By now, every reasonable American has accepted that our next president will be Joe Biden. It felt as if many knew the result before a vote was cast—-polling was resounding before the result, with aggregator FiveThirtyEight giving Biden an 89% chance of winning. However, these high expectations ended up making Biden’s win feel almost like a loss. Democrats lost seats in a House they were expected to expand their control over, lost every close Senate race save for Mark Kelly’s run in Arizona, and only secured a tight win for the presidency days after election night, with only thousands of votes over Trump in tight swing states.
No doubt this wasn’t what the Biden transition team anticipated— any strategist worth their salt should realize that despite winning the presidency, the Democratic Party as of yet lacks the resounding mandate they hoped for. The Democrats are left with something to prove as they take the White House. The only question that remains is a crucial one— not whether their strategy will change, but how exactly we’ll see the Democratic establishment adapt to more troubled waters than they anticipated.
The direction of the transition will almost definitely be based around the Democrats’ assessment of their loss— why did it happen, and what should be changed? We’ve already seen two divergent explanations emerge from the Democrats, with both gaining momentum in different wings of the party.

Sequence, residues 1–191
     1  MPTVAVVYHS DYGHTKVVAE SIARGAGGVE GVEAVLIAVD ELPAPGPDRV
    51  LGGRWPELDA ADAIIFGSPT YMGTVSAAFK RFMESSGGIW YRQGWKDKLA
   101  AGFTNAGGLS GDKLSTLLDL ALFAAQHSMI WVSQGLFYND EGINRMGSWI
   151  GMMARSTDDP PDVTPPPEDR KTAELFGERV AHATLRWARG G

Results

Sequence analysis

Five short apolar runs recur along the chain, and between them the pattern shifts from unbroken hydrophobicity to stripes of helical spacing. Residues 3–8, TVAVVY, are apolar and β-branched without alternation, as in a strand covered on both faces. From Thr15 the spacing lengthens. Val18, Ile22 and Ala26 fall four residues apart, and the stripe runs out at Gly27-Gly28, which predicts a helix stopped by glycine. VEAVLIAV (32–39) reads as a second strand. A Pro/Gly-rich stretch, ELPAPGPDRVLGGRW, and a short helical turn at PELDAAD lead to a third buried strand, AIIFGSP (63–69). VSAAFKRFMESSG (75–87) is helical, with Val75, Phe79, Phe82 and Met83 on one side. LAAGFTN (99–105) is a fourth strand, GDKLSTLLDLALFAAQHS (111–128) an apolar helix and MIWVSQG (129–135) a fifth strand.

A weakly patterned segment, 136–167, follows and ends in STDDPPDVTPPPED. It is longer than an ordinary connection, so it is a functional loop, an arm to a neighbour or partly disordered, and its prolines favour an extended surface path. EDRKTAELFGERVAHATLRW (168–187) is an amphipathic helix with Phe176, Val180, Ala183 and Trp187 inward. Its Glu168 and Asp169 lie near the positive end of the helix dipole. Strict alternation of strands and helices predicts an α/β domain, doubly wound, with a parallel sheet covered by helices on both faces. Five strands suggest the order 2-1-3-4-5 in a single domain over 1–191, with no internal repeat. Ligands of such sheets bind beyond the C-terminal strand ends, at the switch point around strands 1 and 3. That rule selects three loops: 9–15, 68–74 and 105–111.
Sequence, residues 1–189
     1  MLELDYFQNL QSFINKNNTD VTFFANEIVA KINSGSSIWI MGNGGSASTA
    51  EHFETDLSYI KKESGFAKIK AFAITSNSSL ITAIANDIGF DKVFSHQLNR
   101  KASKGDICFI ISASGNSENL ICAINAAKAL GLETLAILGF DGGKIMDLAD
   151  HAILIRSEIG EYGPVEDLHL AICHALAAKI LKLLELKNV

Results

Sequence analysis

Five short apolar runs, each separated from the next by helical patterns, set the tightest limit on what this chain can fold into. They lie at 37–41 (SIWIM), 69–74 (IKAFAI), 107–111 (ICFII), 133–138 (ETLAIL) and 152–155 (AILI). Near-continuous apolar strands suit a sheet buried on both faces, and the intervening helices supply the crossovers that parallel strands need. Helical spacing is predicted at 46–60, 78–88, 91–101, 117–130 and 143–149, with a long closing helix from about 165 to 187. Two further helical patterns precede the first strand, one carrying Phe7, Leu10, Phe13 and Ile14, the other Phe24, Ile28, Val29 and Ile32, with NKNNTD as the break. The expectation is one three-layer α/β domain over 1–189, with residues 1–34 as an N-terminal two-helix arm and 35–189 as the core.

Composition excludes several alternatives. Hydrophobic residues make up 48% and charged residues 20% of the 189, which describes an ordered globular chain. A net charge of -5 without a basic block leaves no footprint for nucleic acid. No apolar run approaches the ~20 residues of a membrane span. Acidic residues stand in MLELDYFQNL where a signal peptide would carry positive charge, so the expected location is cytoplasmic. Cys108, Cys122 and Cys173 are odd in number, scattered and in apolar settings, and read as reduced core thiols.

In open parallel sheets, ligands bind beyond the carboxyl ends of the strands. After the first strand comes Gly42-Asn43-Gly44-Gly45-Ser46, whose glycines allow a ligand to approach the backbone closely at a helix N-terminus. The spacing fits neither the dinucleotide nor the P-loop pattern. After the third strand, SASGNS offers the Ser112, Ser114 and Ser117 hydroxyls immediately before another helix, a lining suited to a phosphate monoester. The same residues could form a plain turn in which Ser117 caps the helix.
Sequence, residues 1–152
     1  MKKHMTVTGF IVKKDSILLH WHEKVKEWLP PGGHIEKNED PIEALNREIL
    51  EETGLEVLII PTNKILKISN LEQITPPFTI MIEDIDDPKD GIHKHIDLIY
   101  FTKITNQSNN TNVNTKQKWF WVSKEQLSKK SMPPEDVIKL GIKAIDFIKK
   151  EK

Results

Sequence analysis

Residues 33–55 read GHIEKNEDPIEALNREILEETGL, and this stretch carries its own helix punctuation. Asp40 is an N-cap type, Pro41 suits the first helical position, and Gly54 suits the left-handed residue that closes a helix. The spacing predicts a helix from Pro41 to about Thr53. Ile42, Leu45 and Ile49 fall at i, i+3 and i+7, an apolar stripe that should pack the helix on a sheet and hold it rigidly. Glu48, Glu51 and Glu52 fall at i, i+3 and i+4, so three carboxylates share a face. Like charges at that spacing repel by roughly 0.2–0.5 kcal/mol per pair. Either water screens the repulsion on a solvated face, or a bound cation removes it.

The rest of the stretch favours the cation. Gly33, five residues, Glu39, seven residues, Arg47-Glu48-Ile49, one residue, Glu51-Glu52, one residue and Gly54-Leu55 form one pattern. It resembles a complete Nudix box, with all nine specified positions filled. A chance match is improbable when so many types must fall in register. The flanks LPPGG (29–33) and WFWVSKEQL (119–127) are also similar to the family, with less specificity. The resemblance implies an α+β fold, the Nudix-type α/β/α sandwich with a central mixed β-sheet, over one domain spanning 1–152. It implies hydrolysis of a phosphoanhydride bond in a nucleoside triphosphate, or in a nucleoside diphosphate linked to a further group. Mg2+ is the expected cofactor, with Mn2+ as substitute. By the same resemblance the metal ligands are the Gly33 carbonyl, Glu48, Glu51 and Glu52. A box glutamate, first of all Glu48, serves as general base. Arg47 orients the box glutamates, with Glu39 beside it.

The first came from the moderate flank of the party, saying that the Democrats’ losses in swing states and districts was the result of fear over radicalism from the party’s left wing. Congressman Jim Clyburn of South Carolina emerged early in support of this viewpoint, saying that calls from the left to “defund the police,” were the crux of Senate hopeful Jaimie Harrison’s loss in his home state. John Kasich, the former Republican governor of Ohio who notably spoke at the 2020 Democratic National Convention, also spoke out with a similar message. Kasich appeared on CNN just minutes after the network called the election for Biden, claiming that the Democrats would have expanded their lead “if they’d have been more clear in rejecting the hard left.” Many pundits justified this opinion by pointing to the loss of Florida, which they argued was due to the hesitancy of Cuban immigrants to endorse any platform adjacent to socialism.
Kasich’s take quickly attracted controversy from those on the left, many of whom pointed out the fact that his home state had gone for Trump. Representative Alexandria Ocasio-cortez, who seemed to be the implicit subject of his criticism, offered a different view. In a Twitter thread, Ocasio-cortez referenced two of her partners in the congressional “squad” of left-wing representatives, Ilhan Omar and Rashida Tlalib, as major factors in winning their home states (Minnesota and Michigan, respectively). AOC also noted that many losing Democrats had underinvested in digital organizing in the wake of the pandemic, and that every Democrat who supported Medicare for All was elected (or re-elected) in 2020.